“If we wipe out lion populations, I go out of business. We all care about sustainability,” he said. “How do they really know how many lions there are to begin with?”
A review of the state’s documented conflicts in the proposed new special management area around Glenwood Springs reveals that most of the 39 calls made to Parks and Wildlife dispatchers over 19 days in February and March were sightings: residents living in lion habitat who spotted lions near subdivisions, driveways, cul-de-sacs, porches, golf courses.
But one lion in the area last year killed a dog that was walking with its owner, leading the owner to attack the lion. Edwards Elementary School officials reported lions. Children weren’t let out. And in the Homestead subdivision, residents took photos showing lions dragging deer through yards.
Public sentiment for reducing mountain lions nevertheless remains weak in Carbondale, just south of Glenwood Springs. Mayor Dan Richardson, who has hunted elk in the area, noted “very few negative interactions” with mountain lions.
“No, I would not want to eliminate more lions,” Richardson said. “One side is the impact on humans. The other side is: What would be the negative impact on ecosystems? I would err on the side of leaving them be unless there’s a really significant threat.”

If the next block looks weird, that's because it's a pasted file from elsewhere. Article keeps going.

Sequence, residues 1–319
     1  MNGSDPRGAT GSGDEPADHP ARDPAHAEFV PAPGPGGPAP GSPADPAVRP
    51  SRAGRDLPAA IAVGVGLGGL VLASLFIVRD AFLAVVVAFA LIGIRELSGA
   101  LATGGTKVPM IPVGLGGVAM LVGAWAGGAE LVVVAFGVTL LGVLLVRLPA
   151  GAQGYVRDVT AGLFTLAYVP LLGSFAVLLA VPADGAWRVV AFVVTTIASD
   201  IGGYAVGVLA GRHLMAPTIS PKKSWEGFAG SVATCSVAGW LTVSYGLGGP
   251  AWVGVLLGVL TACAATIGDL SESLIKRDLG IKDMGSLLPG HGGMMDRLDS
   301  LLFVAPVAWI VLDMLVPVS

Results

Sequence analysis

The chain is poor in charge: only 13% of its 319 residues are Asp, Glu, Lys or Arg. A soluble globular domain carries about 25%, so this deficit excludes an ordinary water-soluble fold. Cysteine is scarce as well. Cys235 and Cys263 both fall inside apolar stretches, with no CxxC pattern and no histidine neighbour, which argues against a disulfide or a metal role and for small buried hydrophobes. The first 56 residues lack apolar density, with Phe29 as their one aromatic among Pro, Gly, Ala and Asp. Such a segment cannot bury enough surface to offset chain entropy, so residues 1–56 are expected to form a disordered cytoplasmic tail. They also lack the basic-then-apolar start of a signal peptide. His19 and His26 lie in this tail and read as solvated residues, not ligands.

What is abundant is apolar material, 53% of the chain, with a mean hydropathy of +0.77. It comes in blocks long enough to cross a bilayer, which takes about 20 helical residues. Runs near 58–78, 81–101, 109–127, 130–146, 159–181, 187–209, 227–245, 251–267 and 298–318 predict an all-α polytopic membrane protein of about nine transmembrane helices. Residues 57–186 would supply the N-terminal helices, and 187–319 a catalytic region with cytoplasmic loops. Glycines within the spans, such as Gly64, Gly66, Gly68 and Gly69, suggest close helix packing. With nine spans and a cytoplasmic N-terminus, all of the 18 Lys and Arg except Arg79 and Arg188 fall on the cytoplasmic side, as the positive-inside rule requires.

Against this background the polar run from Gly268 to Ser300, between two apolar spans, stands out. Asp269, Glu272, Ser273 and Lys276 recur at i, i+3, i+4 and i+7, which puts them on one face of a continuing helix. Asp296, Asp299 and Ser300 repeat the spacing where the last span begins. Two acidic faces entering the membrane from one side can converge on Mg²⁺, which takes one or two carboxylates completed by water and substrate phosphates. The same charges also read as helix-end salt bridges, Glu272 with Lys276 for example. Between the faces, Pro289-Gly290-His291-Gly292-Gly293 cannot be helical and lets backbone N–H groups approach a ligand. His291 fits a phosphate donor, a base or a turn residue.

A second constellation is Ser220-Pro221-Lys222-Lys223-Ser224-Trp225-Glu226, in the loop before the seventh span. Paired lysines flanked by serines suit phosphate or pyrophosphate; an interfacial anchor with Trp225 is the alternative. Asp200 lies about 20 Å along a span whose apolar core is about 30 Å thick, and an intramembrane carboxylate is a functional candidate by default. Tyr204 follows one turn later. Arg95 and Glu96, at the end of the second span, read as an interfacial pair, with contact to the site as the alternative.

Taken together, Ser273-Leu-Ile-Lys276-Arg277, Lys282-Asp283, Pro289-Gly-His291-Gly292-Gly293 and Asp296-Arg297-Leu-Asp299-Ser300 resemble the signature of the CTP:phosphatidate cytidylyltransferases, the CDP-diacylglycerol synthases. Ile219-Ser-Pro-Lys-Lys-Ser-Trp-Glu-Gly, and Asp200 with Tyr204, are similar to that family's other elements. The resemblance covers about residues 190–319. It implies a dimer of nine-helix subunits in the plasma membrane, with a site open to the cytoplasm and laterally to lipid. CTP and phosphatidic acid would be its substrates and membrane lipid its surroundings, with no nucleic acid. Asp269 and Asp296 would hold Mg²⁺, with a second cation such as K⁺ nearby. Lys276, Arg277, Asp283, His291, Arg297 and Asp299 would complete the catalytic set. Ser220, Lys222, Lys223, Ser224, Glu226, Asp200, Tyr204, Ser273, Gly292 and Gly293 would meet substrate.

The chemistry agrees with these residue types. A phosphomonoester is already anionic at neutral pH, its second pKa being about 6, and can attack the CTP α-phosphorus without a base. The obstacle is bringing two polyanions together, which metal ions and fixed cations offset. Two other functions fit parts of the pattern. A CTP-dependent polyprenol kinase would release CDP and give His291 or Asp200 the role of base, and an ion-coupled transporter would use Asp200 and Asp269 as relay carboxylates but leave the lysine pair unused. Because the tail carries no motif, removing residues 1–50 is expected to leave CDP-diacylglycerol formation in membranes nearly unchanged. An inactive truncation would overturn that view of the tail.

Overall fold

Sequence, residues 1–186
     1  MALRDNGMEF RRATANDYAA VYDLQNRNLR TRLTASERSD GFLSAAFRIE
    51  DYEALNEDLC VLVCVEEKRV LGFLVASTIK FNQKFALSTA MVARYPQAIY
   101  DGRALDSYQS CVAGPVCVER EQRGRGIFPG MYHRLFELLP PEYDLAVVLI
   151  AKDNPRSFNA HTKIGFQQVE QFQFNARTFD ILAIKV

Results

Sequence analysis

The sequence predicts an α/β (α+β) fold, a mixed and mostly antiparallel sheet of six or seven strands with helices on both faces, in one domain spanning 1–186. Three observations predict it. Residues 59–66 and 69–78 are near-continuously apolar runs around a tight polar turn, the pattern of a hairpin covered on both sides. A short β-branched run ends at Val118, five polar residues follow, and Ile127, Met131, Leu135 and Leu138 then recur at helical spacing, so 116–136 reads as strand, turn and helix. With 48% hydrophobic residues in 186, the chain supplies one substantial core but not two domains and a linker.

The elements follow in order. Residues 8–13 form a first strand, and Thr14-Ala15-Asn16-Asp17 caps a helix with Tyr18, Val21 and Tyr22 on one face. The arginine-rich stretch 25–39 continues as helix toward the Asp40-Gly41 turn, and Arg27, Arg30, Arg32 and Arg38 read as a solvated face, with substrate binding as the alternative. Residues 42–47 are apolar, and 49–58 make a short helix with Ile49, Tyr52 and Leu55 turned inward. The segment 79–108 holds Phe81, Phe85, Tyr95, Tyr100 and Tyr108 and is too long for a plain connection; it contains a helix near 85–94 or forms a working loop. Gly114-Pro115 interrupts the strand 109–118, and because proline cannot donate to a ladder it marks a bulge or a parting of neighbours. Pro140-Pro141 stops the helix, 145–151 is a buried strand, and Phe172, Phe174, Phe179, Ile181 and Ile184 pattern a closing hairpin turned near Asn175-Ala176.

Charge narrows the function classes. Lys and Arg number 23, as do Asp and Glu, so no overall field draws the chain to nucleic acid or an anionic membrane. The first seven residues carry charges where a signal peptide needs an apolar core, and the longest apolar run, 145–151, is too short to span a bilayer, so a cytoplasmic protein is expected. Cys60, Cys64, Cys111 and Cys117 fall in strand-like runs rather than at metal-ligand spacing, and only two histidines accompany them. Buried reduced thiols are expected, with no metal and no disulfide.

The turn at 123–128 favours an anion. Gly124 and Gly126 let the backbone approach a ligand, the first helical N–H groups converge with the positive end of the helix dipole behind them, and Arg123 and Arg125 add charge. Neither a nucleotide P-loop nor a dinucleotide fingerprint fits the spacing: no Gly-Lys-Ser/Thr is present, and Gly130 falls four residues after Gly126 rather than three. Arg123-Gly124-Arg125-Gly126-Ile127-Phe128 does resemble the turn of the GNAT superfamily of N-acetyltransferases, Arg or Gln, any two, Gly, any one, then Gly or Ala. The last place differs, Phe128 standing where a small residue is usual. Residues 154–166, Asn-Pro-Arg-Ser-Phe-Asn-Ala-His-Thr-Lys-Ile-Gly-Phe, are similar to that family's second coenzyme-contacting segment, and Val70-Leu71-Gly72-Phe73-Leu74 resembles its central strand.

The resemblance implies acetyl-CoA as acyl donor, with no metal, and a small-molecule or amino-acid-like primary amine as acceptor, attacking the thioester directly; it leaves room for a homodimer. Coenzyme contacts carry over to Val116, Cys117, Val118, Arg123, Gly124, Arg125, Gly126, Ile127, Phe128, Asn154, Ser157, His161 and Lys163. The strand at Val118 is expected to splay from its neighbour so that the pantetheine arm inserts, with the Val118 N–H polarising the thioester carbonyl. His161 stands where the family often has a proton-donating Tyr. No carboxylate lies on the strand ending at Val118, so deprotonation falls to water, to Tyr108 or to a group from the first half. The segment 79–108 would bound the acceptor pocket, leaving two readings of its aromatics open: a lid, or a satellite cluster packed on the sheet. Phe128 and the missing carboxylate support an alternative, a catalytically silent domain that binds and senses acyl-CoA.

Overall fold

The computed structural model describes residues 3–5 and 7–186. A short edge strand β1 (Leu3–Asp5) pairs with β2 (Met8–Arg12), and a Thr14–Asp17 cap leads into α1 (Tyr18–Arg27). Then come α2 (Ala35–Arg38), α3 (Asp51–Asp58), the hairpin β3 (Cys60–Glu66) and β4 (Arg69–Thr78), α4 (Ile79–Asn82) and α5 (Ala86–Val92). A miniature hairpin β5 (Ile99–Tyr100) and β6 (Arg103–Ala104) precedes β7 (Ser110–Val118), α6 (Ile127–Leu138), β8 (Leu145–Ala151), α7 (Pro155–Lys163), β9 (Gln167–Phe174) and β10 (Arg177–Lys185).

Colorado lets hunters track lions using hounds. The new plan also would allow, in some areas, electronic calls that mimic distressed deer to lure lions.
In the past three years, hunters have killed an average of 495 mountain lions a year, state records show. This hunting harvest adds to deaths from vehicle collisions, ranchers protecting livestock and a few cases where problem lions were euthanized.
Colorado’s new plan also calls for monitoring lions over large landscapes because studies have shown they commonly wander across multiple states. No more than 22% of those killed in western Colorado could be females. The current hunting cap of 532 in western Colorado would be lowered initially to 461, officials said, with a statewide cap at about 661.
State rules say hunters can kill lions only with the intent of consuming “all harvested lion meat.” A CPW spokesman said game wardens issue citations to enforce this rule against waste.
Animal rights groups contend hunters kill mountain lions mostly as trophies.
“We do support an updated plan, and looking at how to preserve mountain lions on a larger scale makes sense. But it is fundamentally cruel and inhumane to bekilling these animals primarily for sport,” said Haley Stewart, wildlife protection manager for the Humane Society of the United States.